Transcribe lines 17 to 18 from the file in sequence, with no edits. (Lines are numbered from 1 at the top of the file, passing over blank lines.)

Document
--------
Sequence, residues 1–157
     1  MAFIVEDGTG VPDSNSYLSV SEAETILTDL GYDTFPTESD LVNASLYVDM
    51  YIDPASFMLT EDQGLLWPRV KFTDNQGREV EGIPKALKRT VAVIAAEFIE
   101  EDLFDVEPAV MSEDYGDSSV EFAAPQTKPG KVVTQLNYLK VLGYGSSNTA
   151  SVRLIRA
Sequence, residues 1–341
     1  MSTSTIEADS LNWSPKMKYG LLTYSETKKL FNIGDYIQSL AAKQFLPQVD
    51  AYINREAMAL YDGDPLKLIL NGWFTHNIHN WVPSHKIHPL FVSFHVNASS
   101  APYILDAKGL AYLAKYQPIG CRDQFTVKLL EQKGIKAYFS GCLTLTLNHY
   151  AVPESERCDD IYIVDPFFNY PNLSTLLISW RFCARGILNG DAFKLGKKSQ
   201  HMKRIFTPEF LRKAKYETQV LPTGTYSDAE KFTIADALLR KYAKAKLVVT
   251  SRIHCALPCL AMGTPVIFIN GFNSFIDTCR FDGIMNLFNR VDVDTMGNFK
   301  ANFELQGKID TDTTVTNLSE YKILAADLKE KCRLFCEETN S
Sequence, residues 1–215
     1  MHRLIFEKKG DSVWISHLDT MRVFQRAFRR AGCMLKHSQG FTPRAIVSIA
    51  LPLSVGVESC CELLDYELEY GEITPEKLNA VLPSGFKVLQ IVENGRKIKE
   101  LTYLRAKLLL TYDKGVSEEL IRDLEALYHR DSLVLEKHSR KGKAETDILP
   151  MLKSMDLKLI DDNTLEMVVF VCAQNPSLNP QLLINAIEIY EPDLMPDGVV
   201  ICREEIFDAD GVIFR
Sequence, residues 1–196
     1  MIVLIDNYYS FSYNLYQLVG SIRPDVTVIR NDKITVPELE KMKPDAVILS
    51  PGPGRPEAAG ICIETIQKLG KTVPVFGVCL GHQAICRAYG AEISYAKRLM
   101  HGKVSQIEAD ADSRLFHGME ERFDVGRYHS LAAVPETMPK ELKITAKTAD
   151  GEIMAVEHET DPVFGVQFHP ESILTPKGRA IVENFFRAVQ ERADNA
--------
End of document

   101  LTYLRAKLLL TYDKGVSEEL IRDLEALYHR DSLVLEKHSR KGKAETDILP
   151  MLKSMDLKLI DDNTLEMVVF VCAQNPSLNP QLLINAIEIY EPDLMPDGVV